It’s almost October and still 100 degrees in Central Texas. But with the arrival of a Baltimore Oriole in our yard this week, I know the fall migration is in full swing even it fall isn’t.
The Ruby Throated Hummingbirds have been hanging out for weeks, and the Chimney Swifts are still circling overhead in the evenings. The Purple Martins left for South America in August, and most of the Common Nighthawks left soon after. Each species has a timed migration pattern that is perfectly orchestrated to other parts of nature. When humans alter nature, they deprive birds the right to a safe and healthy migration with their families and flocks.
Our little two acre homestead in North Austin is a safe haven for birds year round. We have carefully begun the process of removing the thousands of invasive plants that took over the forest and we started cultivating plants that are native to this area. Additionally, we also do not spray pesticides or use chemicals on the lawn. It’s a lot of physical labor, but worth the effort when a species of bird arrives that I have not yet seen in the area.
On September 23 a massive flock of Common Grackles showed up and continues to grow larger as their friends arrive. They differ from the Great-Tailed Grackle that hangs out in Austin year round in that they have smaller tails, smaller bodies, and the males looked like they dipped their head in an oil slick.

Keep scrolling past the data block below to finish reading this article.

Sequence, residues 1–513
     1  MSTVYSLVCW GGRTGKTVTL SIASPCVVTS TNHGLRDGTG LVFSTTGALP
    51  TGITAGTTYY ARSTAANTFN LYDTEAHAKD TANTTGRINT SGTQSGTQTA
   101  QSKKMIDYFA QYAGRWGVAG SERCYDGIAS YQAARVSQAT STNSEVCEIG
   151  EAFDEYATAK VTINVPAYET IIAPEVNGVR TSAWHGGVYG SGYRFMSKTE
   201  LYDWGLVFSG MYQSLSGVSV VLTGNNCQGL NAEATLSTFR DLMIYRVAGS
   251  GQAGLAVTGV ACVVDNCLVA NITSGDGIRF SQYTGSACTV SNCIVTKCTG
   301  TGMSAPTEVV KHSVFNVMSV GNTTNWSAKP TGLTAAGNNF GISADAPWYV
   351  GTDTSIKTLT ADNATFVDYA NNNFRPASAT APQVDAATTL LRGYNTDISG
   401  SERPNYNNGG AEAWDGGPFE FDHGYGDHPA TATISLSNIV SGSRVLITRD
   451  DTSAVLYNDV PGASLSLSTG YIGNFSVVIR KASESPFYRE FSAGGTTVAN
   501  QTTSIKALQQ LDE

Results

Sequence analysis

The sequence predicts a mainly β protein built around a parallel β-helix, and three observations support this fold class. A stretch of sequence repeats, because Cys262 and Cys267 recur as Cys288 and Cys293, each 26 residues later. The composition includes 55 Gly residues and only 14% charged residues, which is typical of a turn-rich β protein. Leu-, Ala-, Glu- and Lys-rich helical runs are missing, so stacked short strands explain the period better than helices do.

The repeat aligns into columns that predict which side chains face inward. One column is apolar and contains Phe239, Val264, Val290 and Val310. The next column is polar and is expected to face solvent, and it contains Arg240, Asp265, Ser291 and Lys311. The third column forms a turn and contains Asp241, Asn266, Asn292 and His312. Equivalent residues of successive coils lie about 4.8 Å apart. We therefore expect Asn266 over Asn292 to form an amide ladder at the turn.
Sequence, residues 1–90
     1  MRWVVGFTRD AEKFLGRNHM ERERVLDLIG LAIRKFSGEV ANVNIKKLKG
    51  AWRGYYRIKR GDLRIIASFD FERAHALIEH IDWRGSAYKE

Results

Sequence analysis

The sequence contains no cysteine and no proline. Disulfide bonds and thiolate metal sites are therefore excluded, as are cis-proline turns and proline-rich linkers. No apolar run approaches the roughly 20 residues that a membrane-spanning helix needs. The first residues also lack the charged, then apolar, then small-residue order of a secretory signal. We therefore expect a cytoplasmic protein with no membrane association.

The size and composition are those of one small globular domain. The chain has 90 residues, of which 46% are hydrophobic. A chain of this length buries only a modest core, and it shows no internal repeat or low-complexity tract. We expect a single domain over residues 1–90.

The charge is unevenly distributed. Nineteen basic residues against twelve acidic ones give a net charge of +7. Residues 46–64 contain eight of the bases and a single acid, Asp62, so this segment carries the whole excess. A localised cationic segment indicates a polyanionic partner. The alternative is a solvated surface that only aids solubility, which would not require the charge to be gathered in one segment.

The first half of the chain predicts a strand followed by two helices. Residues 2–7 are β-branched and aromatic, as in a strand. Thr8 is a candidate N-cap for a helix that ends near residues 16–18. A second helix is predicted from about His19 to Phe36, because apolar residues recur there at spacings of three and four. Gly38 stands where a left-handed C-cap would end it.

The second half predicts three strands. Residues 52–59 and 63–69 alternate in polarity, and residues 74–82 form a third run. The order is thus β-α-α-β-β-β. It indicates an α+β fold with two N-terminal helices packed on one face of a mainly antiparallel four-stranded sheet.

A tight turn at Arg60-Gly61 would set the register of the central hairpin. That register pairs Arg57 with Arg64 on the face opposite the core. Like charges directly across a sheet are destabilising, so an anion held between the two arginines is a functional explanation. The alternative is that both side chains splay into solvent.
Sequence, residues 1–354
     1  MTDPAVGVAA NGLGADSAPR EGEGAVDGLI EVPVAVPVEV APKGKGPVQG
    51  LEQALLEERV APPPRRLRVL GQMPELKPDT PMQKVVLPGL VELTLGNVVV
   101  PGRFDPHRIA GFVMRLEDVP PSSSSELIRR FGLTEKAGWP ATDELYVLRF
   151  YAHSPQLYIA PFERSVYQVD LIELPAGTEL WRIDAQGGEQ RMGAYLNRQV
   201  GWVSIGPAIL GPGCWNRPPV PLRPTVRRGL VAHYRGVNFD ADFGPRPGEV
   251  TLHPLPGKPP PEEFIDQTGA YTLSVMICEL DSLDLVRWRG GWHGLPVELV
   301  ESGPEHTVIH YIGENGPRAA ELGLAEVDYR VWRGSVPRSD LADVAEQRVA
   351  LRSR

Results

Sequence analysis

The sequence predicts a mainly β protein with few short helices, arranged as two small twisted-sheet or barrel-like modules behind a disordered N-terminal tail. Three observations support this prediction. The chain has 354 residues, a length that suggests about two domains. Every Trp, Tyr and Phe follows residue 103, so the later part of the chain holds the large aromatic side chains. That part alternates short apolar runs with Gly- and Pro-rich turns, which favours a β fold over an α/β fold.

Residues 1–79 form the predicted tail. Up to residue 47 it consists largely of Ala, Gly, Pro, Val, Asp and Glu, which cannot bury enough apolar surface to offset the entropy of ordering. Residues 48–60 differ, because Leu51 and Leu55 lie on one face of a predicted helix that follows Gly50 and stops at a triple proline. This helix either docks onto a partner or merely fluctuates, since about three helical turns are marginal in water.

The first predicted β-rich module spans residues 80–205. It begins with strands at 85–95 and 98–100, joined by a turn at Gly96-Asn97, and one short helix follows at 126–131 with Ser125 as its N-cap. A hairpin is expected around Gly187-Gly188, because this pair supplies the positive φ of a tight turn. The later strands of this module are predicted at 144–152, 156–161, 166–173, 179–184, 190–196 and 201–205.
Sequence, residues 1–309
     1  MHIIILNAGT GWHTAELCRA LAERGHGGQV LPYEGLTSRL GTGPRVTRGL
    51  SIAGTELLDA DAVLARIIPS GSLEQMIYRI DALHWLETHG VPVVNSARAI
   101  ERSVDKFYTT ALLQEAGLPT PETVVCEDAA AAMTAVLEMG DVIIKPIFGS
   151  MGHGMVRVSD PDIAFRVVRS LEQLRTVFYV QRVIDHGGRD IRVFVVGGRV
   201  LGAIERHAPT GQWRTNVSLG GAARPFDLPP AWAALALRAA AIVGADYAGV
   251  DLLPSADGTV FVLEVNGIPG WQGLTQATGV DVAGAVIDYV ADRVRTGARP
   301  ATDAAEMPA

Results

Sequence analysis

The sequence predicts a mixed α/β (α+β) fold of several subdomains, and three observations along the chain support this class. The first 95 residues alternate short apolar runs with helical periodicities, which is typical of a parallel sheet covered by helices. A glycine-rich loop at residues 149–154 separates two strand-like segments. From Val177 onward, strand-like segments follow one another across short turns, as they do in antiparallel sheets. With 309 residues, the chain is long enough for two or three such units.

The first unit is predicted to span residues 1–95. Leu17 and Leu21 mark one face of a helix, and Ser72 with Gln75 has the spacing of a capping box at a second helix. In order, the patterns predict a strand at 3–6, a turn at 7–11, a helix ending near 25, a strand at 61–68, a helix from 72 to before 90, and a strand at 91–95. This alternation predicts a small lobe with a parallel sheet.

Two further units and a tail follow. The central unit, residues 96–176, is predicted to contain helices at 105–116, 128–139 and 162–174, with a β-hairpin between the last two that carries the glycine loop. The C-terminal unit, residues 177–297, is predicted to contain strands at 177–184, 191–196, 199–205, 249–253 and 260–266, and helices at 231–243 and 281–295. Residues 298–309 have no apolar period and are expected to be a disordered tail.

Great-tailed Grackle, Photo- Jennifer L. Bristol
My favorite bird that lives in our woods are the Carolina Chickadees. Now that their babies are fledged and fully grown, the parents are less frantic and more social. When they see me out watering the flowers they start filling the hackberry trees on the edge of the yard. I spray the trees for a few minutes and they flitter about bathing, drinking, and catching the bugs the water brings out. Soon they are joined by the Blue-gray Gnatcatchers and the Northern Cardinals; all chattering to each other and to me.
Research shows that people who live in a richer biodiversity have better health than those that live in areas with fewer species of plants and animals. By removing the mono-forest of invasive plants and encouraging a grander scale of native plants, insects, birds and other wildlife to return I am investing in my own health as well as theirs.
Five things you can do to have a bird friendly yard:
1. Have a birdbath with clean water that is out of reach from house cats
2. Set up bird feeders that are out of reach of cats and other pets
3. Plant native plants that produce seeds, berries, or flowers
4. Reduce any use of chemicals, especially pesticides
5. Keep your house cats indoors
For a little more wildlife- check out this short video. We are truly lucky to share this forest with so many birds, butterflies, and other animals large and small. Please note that we feed the birds, but we do not feed the other wildlife. During the droughts, after the creeks dry up we do put out buckets of water for them.